In Defence of Slow Reading

If Christmas is a time for book-giving, then New Year is a time for reading, and in readiness for this particularly indulgent time of year I cleared my reading decks so I was free for a novel I’ve been waiting to read for some time.

UnknownThe Goldfinch, by Donna Tartt, is a doorstop of a book at nearly eight hundred pages, and I wouldn’t expect any less as it took ten years to write.  I loved the gothic darkness of The Secret History, so I settled down on Boxing Day to absorb myself in this new wonder, only to find myself frustrated, re-reading the same paragraphs and making slow and painful progress.

In trying to diagnose the problem (a compulsive writerly affliction, I suspect), I reminded myself that I have a tendency to consume books quickly, eager to get to the end so I can move on to the next book, as though all those unread novels out there might one day disappear like one of Scrooge’s ghosts.  Reading slowly does not come naturally to me, but sometimes it is the book (or the writing) that forces me to change pace.

There are certain tried and trusted writers that I know I will whizz through.  Writers like Raymond Carver, Charles Bukowski, Roddy Doyle.  Their writing is spare and precise, the language so pared back that I barely notice the words.  This is what I consider to be full immersion, and surely this is storytelling at its best.  No elaborate flourishes or tricksy distractions, just the characters, their situation, and what happens next.

But then there are those other writers.  Margaret Atwood, Andrew Miller, Anita Shreve, and yes, Donna Tartt.  Their characters are also strong and distinctive and from the start you want to know what happens to them.  But the writing itself, now that is something else.  The writing is so beautifully structured, so fluid and mellifluous, that I find myself carried along by the flow of the poetics without following the concrete events and visuals of the scene at hand.

Now, I pride myself in my ability to multi-task, but I’ve now realised that when it comes to reading I find it difficult to focus on the events of the story as well as fully appreciating this kind of lyrical writing.  It’s debatable how much of this is a failing in the writing, or in myself, but either way a solution must be found.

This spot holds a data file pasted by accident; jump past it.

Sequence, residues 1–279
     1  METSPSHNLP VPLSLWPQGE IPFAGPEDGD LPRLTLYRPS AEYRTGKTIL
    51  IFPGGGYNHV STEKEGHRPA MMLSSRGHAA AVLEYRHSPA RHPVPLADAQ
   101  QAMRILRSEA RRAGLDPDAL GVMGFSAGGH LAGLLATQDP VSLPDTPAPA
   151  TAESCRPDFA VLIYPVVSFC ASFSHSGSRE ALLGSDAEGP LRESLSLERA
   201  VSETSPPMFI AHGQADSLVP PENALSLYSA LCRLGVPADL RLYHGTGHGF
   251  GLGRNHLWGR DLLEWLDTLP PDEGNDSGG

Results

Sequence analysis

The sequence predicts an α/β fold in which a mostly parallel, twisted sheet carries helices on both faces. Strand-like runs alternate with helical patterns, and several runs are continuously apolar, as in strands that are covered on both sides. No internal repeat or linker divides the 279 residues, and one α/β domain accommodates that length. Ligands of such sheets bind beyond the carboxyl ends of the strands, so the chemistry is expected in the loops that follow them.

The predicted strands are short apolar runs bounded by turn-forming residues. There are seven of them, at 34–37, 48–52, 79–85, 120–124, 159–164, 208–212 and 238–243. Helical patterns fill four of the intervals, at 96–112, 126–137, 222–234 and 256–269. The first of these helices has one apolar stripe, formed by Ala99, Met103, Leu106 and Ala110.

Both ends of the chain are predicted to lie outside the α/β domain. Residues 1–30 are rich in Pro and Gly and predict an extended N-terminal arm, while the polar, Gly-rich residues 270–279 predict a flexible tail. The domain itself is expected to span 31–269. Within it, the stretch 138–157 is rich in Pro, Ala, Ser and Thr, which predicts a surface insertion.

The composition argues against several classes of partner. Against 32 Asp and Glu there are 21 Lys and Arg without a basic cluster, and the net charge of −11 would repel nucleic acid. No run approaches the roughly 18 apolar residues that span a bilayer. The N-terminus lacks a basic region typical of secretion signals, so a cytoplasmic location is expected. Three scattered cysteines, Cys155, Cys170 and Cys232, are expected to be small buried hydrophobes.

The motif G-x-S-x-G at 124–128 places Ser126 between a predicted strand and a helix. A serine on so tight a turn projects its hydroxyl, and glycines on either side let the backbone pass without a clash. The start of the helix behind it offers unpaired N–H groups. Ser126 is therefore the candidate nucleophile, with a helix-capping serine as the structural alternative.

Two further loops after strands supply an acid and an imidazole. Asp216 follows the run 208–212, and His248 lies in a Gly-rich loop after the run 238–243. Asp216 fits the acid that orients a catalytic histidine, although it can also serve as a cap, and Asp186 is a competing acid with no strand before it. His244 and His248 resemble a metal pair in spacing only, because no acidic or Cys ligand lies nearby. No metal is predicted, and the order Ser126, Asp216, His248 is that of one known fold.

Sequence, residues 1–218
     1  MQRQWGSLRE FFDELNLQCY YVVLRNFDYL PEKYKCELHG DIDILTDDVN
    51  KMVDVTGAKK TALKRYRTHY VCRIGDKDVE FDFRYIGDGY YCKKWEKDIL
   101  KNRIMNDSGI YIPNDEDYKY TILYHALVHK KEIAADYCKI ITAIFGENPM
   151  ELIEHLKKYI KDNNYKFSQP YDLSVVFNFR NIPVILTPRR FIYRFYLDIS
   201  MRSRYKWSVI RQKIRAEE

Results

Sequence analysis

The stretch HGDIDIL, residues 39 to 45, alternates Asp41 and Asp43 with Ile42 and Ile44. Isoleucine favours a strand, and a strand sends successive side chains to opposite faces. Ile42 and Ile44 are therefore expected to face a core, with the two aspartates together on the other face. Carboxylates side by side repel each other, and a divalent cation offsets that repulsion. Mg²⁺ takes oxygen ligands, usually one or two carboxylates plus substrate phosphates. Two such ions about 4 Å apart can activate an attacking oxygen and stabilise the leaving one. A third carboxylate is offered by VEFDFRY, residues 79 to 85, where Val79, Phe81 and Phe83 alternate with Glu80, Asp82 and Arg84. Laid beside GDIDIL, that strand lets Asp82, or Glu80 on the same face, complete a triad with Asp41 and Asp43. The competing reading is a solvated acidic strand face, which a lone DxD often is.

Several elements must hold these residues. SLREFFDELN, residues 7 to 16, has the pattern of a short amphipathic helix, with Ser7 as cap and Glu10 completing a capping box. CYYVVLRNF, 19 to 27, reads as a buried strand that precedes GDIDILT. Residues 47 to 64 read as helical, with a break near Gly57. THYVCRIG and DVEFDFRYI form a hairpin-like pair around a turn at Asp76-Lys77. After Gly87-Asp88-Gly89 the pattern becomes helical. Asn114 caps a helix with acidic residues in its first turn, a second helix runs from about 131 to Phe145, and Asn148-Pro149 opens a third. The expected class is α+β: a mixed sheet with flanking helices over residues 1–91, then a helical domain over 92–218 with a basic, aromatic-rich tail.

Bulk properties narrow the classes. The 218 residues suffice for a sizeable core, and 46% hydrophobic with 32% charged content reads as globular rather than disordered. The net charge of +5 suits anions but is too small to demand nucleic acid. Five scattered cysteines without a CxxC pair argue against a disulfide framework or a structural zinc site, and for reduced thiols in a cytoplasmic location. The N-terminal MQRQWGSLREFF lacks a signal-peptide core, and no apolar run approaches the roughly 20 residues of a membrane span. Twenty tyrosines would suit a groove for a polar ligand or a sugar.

So, here is the new approach.  Instead of sitting down with The Goldfinch as I would a cold beer, consuming it quickly with a pizza and an episode of Friends, I’ll give it a little more reverence.  The reading is more like a good quality bottle of claret, best enjoyed at a leisurely pace with a meal of many courses, not thinking for a moment how long it will take to drink but just enjoying one sip, one page, one chapter at a time. If I have to reread a paragraph, so be it.  After all, if the characters are fascinating, the story absorbing and the writing so well crafted, what’s the rush?

2 thoughts on “In Defence of Slow Reading

  1. Sally, I totally agree with you. I too consume books at an alarming rate (sometimes a novel per week) and as a fellow fan of Ms Tartt, I too will endeavour to consume this book slowly. I think having a Kindle has made me a faster reader, so even though I’ve already bought this as an e-book, I’d love to read it as an old-fashioned hardback. It’s somehow easier to read slowly if the text is printed on paper. Now isn’t that interesting? Hx

    1. I’m actually really glad I had the hardback as a present. It’s a piece of art really, with a copy of The Goldfinch painting attached on the inside cover. I love my Kindle, but sometimes only the object itself will do.

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